12. splinter1591 says:

    @jenessa1889 – @agnophilo – yes XPto both of you(>^^)>

  13. splinter1591 says:

    @Teletheus – perhaps some people have problems excepting the bible as an all fact bookidk… i’ve never read it, but I have heard some of the stories are a bit fictisios, so perhaps people began to question which parts of the bible can be trusted as %100 truth

  14. Teletheus says:

    @splinter1591 – Well, we have manuscripts on several books of the New Testament dating back to A.D. 60-70 or so.  That’s only 30-40 years removed from the death of Jesus — a little early to be introducing complete fabrications that could be easily discounted by those who were alive during his lifetime.

  15. splinter1591 says:

    @Teletheus – the oldest copy was dated to about 125 ADJesus (according to wikpedia ^^) died around 30AD at age 35.  The average life expectancy at the time was 40 (though highly influenced by infant mortality rate)Paul (who i believe was one of the mane “authors” of the bible died in 67 A.D.That’s a 95 year difference between our oldest copy and Jesus’s death.  Nearly 100 years for stuff to be added and taken out. At the time, women got married at about 15 and men at age 20.  Assuming they were having children at age 16/21 respectively, this is enough time for 5 generations.  Which is an immense about of time for the story to change.also, alot of the storys ARE unbelievable and it IS understandable how one could loose faith.  IE, bringing the bird back to life thing I think Jesus did, the great flood, Adam and Eve… things that contradict modern science.  those can be terribly difficult things for Christians who do not either look at the bible as a book of metifors, believe only certain parts, practice “double think”, or disregard science.

  16. Teletheus says:

    @splinter1591 – From the sources you pointed me to:”For the gospels they tend to date Mark no earlier than 65 and no later than 75. Matthew is dated between 70 and 85. Luke is usually placed within 80 to 95. However a select few scholars disagree with this as Luke indicates in the book of Acts that he has already written the Gospel of Luke prior to writing the introduction to Acts. Acts is written in a journal form indicating that it may have been written during Paul’s journeys which it documents. That would put Acts as early as the 60’s and the Gospel of Luke earlier than that.”That’s somewhere between 35-65 years after the death of Jesus.  Yes, the average life expectancy was 40, but people died a lot earlier than that — and that means people died a lot later than that as well.  I think it’s unrealistic to say that everyone who was alive during Jesus’s life was dead by the time the gospels were written.”also, alot of the storys ARE unbelievable and it IS understandable how one could loose faith.  IE, bringing the bird back to life thing I think Jesus did, the great flood, Adam and Eve… things that contradict modern science.  those can be terribly difficult things for Christians who do not either look at the bible as a book of metifors, believe only certain parts, practice “double think”, or disregard science.”There’s a very common tendency to beg the question on the topic of miracles.  If you believe God exists, then they’re obviously possible.  If you believe God doesn’t exist, then they’re obviously not possible.  You can’t say the Bible is false just because it recounts miracles — you’re assuming God doesn’t exist before you begin.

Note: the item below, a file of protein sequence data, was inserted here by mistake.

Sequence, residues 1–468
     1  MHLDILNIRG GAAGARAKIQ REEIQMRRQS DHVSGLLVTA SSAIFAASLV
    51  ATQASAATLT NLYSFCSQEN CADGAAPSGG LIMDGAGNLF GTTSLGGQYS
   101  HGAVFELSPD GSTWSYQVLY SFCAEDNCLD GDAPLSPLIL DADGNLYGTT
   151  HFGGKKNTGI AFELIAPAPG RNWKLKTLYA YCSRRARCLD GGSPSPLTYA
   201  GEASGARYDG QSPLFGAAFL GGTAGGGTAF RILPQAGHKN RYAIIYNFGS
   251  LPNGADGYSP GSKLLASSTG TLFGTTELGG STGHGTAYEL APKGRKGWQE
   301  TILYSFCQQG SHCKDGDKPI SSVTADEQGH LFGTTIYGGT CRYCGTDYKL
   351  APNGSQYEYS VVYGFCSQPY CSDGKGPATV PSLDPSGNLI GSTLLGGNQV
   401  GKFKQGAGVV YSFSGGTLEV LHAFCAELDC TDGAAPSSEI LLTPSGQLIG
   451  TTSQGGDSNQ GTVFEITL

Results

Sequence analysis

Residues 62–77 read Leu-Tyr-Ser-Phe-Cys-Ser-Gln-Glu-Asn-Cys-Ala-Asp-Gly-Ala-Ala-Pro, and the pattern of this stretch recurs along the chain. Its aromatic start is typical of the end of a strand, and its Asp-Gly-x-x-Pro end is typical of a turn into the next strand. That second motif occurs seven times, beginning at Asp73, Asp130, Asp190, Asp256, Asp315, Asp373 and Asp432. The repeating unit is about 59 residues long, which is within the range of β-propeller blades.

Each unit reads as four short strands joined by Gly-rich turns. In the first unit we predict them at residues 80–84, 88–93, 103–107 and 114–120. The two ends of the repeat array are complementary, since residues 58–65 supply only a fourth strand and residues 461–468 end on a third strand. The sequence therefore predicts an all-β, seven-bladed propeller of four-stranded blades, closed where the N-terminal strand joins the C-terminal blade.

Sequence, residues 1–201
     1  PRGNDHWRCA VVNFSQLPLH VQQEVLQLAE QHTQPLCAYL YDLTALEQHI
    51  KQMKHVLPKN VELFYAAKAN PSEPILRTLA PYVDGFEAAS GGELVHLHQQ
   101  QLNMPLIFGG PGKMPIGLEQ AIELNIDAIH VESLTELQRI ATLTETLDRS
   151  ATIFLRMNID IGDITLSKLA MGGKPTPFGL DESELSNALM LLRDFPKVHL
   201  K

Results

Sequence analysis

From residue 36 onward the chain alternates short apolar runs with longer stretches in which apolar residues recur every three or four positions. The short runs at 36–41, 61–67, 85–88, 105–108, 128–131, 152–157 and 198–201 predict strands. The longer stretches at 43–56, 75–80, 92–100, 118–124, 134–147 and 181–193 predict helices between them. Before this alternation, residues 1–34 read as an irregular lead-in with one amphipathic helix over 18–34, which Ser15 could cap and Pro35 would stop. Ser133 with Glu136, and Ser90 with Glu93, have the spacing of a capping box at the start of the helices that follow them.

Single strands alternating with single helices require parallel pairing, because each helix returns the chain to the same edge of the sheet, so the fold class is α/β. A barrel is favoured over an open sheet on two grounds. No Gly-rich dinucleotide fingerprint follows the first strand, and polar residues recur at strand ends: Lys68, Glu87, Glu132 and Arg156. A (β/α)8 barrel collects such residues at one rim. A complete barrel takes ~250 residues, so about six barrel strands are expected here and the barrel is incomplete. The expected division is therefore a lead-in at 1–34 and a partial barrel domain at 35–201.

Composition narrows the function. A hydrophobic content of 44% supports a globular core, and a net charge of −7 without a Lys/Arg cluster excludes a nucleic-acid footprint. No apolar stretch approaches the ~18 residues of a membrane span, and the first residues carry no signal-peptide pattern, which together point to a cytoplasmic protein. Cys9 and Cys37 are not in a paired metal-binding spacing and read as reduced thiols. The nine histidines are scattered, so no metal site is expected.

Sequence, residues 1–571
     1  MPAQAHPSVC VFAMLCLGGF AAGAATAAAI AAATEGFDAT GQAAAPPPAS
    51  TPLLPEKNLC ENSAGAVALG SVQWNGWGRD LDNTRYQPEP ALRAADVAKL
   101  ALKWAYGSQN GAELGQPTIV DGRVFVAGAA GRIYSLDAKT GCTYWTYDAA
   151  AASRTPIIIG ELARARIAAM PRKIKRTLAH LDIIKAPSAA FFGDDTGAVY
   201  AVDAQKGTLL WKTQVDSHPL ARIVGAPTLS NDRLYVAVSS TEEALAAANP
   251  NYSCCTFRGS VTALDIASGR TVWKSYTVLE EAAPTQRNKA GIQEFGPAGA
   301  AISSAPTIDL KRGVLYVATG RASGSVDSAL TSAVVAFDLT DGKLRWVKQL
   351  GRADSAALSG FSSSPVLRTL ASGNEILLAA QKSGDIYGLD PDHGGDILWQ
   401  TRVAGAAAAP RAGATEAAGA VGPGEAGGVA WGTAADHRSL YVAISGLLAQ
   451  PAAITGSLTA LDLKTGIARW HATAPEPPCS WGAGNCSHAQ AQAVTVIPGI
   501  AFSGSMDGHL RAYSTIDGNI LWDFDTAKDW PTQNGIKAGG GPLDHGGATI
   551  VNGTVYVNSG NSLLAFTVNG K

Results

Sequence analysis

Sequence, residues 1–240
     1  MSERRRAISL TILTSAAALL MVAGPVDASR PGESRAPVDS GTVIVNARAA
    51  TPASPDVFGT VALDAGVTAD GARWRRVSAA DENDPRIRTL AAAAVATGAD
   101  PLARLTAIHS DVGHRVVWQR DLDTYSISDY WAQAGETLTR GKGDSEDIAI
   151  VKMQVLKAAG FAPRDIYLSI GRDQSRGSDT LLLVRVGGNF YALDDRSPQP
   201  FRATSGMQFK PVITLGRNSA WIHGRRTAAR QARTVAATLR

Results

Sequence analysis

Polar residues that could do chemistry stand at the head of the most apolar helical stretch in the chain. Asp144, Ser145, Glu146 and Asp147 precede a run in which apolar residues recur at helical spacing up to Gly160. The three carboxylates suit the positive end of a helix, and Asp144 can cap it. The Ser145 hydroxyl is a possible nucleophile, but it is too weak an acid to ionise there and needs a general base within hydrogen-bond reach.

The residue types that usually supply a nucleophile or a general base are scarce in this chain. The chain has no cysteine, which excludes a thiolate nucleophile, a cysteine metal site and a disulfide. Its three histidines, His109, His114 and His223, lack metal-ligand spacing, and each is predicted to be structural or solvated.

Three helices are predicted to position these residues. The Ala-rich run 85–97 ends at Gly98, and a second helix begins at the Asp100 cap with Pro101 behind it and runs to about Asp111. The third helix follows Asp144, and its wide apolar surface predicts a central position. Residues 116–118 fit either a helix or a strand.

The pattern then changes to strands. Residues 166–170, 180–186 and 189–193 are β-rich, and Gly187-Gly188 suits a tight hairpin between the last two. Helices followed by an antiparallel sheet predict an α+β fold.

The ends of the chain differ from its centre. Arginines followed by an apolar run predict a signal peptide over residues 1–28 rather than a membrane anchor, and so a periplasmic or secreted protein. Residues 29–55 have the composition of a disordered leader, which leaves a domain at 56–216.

17. agnophilo says:

    @Teletheus – I just did a blog about this.

  18. Teletheus says:

    @agnophilo – Very interesting and thought-provoking post!  I don’t have time right now to respond to that in the kind of detail I’d like, but I’ll take a look at it again when I get home.  Would you prefer I respond here or there? šŸ™‚

  19. splinter1591 says:

    @Teletheus – oh wikipediayou copyed and pasted from the diputed sectionyes?not sure wikipedia is downbut if so, its desputed for a reason.  it can’t be dated, just guessed at

  20. splinter1591 says:

    @Teletheus – you can believe in god withoutbelieving in mercilessI am very Jewish, but I do not believe in mercilessit is not a book which MUST be taken literally to believe in god.  and that is where the discrepancy ussualy begins

  21. Teletheus says:

    @splinter1591 – “you can believe in god withoutbelieving in merciless”I didn’t say you had to believe in miracles to believe in God; I said that if you believe in God, you can, by extension, believe in miracles.  There’s a difference. šŸ™‚

  22. agnophilo says:

    @Teletheus – Well there would be more appropriate, but here you’d have an audience.

  23. agnophilo says:

    @QuantumStorm – Title reminds me of an episode of larry sanders : )

  24. gmx0 says:

    Jesus fulfilled the Law, and never destroyed it, for it was only a schoolmaster to teach us no one except Christ can be good enough.

  25. agnophilo says:

    @gmx0 – What a depressing role model.